It is a late March Wednesday night at Sha Tin Racecourse in Hong Kong and normally, the track would be teeming with upwards of 20,000 racing fans. But even without spectators in this era of the COVID-19 virus, horse racing gallops along in Hong Kong without interruption or questioning about its safety.
While tracks around the world are moving from racing without spectators to shutting down altogether due to the coronavirus pandemic, horse racing in Hong Kong continues uninterrupted since January. It continues even in a densely populated city of 7.5 million people, and even after the World Health Organization classified coronavirus as a pandemic.
And it continues even as the rest of the Asia-Pacific sporting landscape falls by the coronavirus wayside. Formula 1 canceled the Australian Grand Prix and postponed its races in Bahrain, China, and Vietnam. Both the Hong Kong and Singapore legs of the World Rugby Sevens are postponed to October. Along with that, golf, tennis and Formula E races have also been scrubbed.
Racing A Vibrant Economic Engine
But there is no hint of closing the racing gates at Sha Tin. Racing in Hong Kong is serious business, contributing 1.3% to Hong Kong’s GDP. Employing more than 20,000 people, the Hong Kong Jockey Club is the biggest taxpayer in Hong Kong.
Even paying 75% of takeout as a tax to the government, the HKJC finds plenty of ways to contribute to charities and society. Not surprisingly, racing enjoys strong government support.
It’s not hard to see how or why. The Wednesday night races at Sha Tin are a TV ratings bonanza, with upwards of 800,000 people – more than 10% of the city’s population — perched in front of their sets each week. The HKJC said up to 700,000 people – almost 10% of Hong Kong’s population — use off-track wagering apps.
That creates a handle (called “turnover” in Hong Kong) averaging HK $1.1 billion ($145 million) every Wednesday night, and HK $1.3 billion ($162 million) on Sundays. Even with no spectators, the handle is down only about 10% because of the overwhelming use of off-track betting apps. Last week’s “Happy Wednesday” brought in almost HK $1.1 billion ($145 million) – without any spectators in the stands.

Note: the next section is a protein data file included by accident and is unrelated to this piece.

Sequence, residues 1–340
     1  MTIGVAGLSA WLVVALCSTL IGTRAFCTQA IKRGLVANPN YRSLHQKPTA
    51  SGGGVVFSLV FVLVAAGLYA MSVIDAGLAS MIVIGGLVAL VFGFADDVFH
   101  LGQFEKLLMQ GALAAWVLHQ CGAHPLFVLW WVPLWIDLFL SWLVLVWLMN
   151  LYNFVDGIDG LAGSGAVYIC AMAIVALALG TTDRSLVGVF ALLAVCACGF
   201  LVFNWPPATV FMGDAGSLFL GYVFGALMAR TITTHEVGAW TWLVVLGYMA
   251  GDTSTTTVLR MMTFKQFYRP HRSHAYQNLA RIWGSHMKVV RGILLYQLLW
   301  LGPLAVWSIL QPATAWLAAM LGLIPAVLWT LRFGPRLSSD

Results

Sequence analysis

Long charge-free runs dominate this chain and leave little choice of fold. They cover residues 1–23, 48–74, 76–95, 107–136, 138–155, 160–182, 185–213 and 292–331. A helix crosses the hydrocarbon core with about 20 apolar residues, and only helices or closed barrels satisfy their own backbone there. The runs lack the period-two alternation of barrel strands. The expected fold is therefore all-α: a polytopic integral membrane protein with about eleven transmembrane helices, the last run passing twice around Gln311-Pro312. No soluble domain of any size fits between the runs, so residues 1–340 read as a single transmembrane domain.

Providing Tradition And Valuable Entertainment
“If you look at the importance of horse racing in Hong Kong, where 30% of the adult population follows horse racing, where we have 1.5 million racing fans and every Wednesday night, we have at least seven to eight hundred thousand people who are now sitting in front of the TV and feel entertained. That’s why we think it’s important to provide the tradition and to continue horse racing,” HKJC CEO Winfried Engelbrecht-Bresges told CNN.
In keeping with the times, that tradition continues with strict precautions. Only staff trainers, jockeys, owners, and club officials are allowed on site, and everyone is subject to temperature screening upon entering the facility. Facemasks are mandatory, except for jockeys during a race. Anyone who leaves Hong Kong must self-isolate for 14 days upon return.
This caused a few jockeys to pass on mounts for the Dubai World Cup, a calculated risk considering that $35 million card formed the richest day in horse racing, and that jockeys typically get 10% of purse winnings for a race. But it was a risk that paid off when organizers canceled the program.
In late February, an HKJC member who used the Happy Valley clubhouse – located a mile from the track — tested positive for the virus. That shut down the clubhouse for two weeks.
But racing never stopped. Not even in a city that’s battled the coronavirus since January.